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. Formerly efforts were made to generalize about nomads and find a common denominator among such diverse cultures as those of the North American Plains tribes, the BedouinBedouin
[Arab.,=desert dwellers], primarily nomad Arab peoples of the Middle East, where they form about 10% of the population. They are of the same Semitic stock as their sedentary neighbors (the fellahin; see Arabs) and share with them a devout belief in Islam and a distrust
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 of Arabia, and the RomaniRomani
or Romany
, people known historically in English as Gypsies and their language.

1 A traditionally nomadic people with particular folkways and a unique language, found on every continent; they are sometimes also called Roma, from the name of a major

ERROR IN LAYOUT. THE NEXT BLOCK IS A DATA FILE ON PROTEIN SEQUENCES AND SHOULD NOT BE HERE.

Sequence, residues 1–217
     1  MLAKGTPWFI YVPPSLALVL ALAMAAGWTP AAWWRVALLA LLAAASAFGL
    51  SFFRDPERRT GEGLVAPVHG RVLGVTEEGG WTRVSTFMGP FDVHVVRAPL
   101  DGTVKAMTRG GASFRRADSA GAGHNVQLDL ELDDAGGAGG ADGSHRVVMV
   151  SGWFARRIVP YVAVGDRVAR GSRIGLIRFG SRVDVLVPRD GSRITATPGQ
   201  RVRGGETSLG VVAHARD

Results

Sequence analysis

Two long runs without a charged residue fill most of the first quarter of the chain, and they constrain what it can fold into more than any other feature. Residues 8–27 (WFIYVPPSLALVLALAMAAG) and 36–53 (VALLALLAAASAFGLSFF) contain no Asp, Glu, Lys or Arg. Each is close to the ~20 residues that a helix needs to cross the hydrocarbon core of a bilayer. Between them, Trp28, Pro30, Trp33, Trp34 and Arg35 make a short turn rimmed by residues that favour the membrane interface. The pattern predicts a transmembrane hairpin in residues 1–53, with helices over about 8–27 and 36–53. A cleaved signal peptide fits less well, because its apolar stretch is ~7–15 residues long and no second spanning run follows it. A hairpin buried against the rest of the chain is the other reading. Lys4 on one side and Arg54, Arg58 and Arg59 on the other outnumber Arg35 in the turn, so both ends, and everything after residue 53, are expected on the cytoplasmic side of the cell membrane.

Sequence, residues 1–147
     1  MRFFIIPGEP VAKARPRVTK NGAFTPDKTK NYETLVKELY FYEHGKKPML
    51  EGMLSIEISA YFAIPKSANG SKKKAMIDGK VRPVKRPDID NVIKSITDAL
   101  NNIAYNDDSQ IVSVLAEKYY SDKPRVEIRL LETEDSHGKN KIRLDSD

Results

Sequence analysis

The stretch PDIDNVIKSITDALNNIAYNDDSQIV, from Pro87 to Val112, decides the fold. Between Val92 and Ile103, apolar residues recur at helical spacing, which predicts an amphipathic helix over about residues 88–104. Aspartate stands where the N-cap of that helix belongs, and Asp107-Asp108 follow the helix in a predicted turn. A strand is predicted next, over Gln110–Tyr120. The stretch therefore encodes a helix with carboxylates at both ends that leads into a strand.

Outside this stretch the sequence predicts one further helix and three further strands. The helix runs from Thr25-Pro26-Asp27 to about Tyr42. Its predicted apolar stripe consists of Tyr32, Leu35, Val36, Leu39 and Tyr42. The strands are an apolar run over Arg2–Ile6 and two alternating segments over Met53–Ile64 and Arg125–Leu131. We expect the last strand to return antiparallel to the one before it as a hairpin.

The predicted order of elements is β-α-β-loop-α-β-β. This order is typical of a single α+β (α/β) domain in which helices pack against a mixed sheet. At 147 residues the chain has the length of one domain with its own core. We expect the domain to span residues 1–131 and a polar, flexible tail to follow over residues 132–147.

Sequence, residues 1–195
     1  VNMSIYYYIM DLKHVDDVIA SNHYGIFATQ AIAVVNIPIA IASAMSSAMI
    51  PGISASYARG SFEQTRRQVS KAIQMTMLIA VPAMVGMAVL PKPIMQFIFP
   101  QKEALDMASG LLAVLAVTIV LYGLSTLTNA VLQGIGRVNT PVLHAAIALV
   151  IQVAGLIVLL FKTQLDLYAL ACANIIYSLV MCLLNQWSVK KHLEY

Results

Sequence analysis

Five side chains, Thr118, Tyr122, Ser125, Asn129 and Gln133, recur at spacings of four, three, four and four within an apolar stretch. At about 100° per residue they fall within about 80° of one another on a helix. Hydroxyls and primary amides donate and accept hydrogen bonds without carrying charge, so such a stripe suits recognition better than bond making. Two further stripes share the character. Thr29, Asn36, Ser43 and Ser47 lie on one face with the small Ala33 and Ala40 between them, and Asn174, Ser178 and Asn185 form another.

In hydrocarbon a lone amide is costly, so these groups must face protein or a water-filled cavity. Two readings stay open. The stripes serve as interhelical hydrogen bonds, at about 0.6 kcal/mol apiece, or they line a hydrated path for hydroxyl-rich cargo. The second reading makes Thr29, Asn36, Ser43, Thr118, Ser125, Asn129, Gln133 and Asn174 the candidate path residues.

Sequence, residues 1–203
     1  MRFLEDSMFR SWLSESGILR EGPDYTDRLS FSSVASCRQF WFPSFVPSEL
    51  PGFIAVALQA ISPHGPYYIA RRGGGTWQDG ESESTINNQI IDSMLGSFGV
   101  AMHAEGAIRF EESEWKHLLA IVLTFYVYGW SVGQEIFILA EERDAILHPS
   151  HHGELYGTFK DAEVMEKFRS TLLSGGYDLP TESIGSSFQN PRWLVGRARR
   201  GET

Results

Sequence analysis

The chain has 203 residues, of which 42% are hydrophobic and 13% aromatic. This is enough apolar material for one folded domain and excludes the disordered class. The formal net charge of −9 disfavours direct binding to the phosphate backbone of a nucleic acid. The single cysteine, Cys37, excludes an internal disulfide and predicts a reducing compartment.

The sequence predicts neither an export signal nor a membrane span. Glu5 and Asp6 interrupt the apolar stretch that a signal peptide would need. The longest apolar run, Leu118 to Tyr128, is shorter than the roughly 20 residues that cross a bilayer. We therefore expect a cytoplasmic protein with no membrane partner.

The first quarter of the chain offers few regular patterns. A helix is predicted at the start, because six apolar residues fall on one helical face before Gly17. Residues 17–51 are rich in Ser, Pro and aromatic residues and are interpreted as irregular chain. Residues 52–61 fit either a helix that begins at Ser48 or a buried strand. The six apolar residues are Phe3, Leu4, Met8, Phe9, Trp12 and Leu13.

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 (Gypsies), but these have largely been abandoned in favor of studying each culture as a unit. Even the idea that nomadism represents a transition from the Neolithic hunter to the sedentary farmer is not accepted as valid. There are instances of peoples who have abandoned farming and have become nomads, e.g., those Native Americans of the Great Plains who forsook their farms to hunt bison, after the horse had been introduced.

NOMAD

[′nō‚mad]

nomad

a member of a people or tribe who move from place to place to find pasture and food

NOMAD

(language, database)
A database language.

Version: NOMAD2 from Must Software International.

["NOMAD Reference Manual", Form 1004, National CSS Inc, Dec 1976].

NOMAD

A relational DBMS for IBM mainframes, PCs and VAXes from Select Business Solutions, Trumbull, CT (www.selectbs.com). Introduced in the mid-1970s, it was one of the first database systems to provide a non-procedural language for data manipulation. NOMAD can also access data on Oracle, Sybase, DB2 and other databases. Former corporate owners of NOMAD include Thomson Software and the Gores Technology Group.
References in periodicals archive ?
After the break, though, Nomads were landed a blow when, on 51 minutes, Edwards put through his own net in a crowded penalty area to hand the home side the advantage at the VSM Stadium.